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Archive for the ‘Jane Robinson’ Category

I had so been looking forward to A Force to Be Reckoned With: A History of the Women’s Institute by Jane Robinson but found myself surprisingly indifferent to it once I started reading.  It is a good and informative book, giving a solid overview of the group’s development over the last hundred years or so, but for me it felt like there was something missing.  Robinson does a good job of presenting the facts but it felt very dry, even though the writing style is enjoyable.

To begin with, I was perhaps irrationally irritated by Robinson’s fondness for referring to anywhere in Canada as ‘backwoods’.  We have a lot of places that can legitimately be described as backwoods, being both wooded and sparsely populated.  Generally, the places that Robinson specifically referred to as backwoods were not, being either rural agricultural communities or, in one case, a provincial capital.  This is a foolishly small thing but I found it incredibly off-putting.

The WI began in the farming community of Stoney Creek, Ontario in 1897 but it wasn’t until almost twenty years later (in 1915) that it was successfully established in the UK.  From WWI to the present, Robinson chronicles the group’s accomplishments, from the requisite jam-making and ‘Jerusalem’-singing to their advocacy for more education on contentious issues like family planning and, as soldiers returned from First World War, sexually transmitted diseases.  So much of what the WI has done from the beginning, and what makes them such an admirable group, has been about making sure women had the education and confidence to improve their quality of life – all their larger contributions spring from that:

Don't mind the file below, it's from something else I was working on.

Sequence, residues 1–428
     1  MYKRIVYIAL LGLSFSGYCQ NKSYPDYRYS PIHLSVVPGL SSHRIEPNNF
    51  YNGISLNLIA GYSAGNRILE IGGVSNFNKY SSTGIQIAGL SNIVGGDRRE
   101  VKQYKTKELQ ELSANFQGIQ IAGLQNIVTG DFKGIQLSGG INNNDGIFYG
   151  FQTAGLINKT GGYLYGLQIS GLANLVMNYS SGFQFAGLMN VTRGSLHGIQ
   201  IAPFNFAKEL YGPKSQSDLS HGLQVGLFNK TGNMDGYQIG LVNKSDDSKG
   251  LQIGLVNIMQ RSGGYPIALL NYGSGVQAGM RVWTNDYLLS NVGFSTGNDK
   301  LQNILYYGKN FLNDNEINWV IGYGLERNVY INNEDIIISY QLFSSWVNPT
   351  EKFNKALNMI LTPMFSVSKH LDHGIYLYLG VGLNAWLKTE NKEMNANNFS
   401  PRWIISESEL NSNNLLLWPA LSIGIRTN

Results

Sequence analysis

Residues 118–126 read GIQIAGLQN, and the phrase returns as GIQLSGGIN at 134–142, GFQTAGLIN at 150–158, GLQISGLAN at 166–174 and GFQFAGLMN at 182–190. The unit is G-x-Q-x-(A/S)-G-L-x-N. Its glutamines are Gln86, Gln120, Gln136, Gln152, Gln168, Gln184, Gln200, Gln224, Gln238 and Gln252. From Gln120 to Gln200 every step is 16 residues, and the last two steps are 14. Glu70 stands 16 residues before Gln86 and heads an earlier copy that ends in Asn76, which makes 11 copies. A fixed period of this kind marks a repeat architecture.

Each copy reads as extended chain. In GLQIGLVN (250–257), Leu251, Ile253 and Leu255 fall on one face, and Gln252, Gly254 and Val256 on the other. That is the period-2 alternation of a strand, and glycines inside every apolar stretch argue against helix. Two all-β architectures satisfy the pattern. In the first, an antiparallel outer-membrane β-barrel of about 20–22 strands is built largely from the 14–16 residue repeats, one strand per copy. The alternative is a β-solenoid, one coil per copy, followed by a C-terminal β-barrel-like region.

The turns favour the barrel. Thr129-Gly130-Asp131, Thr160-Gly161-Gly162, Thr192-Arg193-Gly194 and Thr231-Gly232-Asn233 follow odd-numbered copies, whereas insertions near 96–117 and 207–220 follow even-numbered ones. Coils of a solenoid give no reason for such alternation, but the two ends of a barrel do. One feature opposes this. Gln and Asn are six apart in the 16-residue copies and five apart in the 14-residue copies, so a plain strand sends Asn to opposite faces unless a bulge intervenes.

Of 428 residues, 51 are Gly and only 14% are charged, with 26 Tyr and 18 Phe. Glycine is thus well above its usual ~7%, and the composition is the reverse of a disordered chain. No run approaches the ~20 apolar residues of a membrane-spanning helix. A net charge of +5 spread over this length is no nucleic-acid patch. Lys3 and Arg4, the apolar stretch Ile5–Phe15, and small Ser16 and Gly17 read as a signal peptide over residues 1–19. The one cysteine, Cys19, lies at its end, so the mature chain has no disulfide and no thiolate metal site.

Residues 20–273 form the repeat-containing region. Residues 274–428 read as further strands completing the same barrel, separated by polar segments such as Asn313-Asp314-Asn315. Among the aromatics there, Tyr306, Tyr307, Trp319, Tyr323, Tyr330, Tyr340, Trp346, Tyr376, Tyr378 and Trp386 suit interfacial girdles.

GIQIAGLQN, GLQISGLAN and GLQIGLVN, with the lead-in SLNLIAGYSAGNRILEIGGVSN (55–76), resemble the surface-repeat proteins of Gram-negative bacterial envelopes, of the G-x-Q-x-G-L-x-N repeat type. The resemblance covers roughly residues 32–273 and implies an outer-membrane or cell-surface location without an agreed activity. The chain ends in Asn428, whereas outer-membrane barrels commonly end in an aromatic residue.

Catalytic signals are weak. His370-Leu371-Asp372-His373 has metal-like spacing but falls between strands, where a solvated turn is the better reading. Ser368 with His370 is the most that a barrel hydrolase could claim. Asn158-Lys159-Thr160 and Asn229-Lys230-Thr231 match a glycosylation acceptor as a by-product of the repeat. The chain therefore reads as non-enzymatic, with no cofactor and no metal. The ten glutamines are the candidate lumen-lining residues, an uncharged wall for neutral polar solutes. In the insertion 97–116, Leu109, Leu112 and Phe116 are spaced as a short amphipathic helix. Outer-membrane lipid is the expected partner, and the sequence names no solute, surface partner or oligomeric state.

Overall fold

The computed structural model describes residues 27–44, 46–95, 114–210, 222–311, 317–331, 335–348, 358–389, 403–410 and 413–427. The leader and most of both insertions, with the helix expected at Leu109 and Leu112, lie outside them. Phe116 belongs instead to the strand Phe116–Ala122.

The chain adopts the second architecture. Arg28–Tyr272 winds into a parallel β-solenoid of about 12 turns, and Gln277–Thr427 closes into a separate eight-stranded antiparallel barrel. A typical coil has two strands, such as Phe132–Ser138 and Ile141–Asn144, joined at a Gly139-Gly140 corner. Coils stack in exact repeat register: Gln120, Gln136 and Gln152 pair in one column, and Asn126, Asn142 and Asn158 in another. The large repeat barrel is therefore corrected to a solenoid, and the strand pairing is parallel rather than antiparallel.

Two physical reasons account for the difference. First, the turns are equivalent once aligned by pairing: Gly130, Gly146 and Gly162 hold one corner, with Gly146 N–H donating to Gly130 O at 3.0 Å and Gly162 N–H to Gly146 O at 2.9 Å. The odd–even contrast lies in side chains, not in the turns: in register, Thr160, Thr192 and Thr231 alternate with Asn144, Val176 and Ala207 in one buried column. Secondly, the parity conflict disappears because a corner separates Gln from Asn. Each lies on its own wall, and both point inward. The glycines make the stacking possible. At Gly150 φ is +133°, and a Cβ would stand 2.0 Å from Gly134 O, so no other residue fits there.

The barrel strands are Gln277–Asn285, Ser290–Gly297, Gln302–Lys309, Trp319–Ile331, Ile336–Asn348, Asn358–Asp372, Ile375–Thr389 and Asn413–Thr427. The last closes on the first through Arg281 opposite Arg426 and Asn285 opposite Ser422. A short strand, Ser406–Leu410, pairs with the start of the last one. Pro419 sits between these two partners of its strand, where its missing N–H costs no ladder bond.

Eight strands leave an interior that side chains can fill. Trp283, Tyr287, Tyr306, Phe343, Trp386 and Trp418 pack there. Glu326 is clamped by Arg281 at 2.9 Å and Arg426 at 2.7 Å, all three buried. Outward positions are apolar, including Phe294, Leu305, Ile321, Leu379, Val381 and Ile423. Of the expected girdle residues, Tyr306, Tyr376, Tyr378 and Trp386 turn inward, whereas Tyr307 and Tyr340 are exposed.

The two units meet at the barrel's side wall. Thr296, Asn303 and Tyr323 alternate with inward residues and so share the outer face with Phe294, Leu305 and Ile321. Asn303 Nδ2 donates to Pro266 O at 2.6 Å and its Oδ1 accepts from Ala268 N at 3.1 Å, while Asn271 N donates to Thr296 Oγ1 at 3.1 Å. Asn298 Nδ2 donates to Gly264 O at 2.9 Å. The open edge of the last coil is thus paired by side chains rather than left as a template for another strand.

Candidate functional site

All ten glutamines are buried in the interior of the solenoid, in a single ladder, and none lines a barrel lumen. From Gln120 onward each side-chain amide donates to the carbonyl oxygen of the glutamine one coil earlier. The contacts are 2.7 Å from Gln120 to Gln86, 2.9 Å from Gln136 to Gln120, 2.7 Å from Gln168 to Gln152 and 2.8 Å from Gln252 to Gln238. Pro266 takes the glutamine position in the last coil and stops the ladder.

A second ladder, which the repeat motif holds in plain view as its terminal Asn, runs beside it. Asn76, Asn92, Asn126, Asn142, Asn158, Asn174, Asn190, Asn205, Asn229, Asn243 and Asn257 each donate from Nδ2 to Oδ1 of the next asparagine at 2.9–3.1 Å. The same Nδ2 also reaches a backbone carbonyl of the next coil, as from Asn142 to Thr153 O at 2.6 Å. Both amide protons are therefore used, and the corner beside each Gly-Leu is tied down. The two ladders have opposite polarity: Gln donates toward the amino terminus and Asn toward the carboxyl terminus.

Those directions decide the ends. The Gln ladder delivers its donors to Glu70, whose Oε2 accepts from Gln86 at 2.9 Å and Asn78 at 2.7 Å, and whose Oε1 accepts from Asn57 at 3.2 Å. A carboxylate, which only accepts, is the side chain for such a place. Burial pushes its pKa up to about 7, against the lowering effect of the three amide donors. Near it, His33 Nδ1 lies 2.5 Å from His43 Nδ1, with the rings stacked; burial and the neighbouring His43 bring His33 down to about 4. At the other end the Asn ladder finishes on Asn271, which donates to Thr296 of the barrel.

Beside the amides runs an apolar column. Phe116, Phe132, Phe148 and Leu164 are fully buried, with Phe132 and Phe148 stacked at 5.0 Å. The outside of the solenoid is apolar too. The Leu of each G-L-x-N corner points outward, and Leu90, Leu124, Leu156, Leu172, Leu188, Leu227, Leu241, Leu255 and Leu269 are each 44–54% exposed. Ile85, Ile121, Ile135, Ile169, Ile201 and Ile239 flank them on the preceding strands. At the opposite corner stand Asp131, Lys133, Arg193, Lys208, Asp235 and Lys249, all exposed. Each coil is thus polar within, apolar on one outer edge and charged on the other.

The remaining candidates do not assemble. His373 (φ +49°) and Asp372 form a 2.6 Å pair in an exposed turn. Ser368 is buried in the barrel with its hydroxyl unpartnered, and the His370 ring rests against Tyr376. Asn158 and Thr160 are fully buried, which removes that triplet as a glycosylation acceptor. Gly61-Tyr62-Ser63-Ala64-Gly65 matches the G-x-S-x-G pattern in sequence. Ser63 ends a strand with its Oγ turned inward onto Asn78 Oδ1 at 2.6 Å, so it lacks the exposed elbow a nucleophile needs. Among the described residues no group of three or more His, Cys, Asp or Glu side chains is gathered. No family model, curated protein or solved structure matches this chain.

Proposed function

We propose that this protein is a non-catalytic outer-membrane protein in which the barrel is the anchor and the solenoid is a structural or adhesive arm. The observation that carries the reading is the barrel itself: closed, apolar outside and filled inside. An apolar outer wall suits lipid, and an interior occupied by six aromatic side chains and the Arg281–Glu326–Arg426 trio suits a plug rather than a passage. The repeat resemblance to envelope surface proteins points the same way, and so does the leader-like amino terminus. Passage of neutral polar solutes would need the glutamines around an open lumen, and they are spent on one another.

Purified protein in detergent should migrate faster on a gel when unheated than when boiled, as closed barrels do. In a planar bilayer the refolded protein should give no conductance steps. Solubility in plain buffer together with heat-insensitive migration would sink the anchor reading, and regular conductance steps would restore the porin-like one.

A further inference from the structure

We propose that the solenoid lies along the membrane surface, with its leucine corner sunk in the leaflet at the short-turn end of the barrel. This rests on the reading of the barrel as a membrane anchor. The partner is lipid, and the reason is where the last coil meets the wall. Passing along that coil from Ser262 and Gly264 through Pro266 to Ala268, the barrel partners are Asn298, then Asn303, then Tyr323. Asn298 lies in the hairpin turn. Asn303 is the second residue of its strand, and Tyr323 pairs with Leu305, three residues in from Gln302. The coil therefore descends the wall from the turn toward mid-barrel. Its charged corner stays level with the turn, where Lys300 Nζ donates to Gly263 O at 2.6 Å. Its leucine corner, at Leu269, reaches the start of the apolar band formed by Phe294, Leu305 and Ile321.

The WI’s most significant contribution to feminism remained, and remains still, what it had been from the very beginning: to equip women with the confidence to think and speak for themselves, and to make well informed decisions for their own good and for the benefit of their families and the wider community.

But, in many ways, this felt like a very shallow history.  The WI’s accomplishments are listed off and a few of their most notable champions described but always through rose-coloured glasses.  Robinson acknowledges the challenges and conflicts faced early on when the Women’s Institute was struggling to establish itself in Britain and, for me that was probably the most fascinating part of the book, especially concerning the challenges of imposing a democratic organization on a class-conscious society.  After that, everything is generally delightful and wonderful, moving from strength to strength, creating a book that becomes (I hate to say it) dull.  The WI’s achievements, impressive though they are, are presented in such a bland, uninspiring way that I found myself thoroughly underwhelmed by even their most salacious efforts, like grannies pushing for safer working conditions for prostitutes.

Really, I think my issue with the book was its complete lack of human interest.  There are lots of facts but there are none of the anecdotes that make similar histories so fascinating.  I could not help but contrast it with the excellent How the Girl Guides Won the War by Janie Hampton, which was such an exciting and engaging read.  The organizations are not that dissimilar (and in fact have worked together, particularly during WWII) but Hampton’s vivid details and well chosen statistics made for a far more interesting history.  I would still recommend A Force to Be Reckoned With because of the excellent overview it does give of the WI and Robinson’s obvious enthusiasm for her subject.  I just wish she had gone into more depth, giving more details and stories, which would have made for a much more interesting read.

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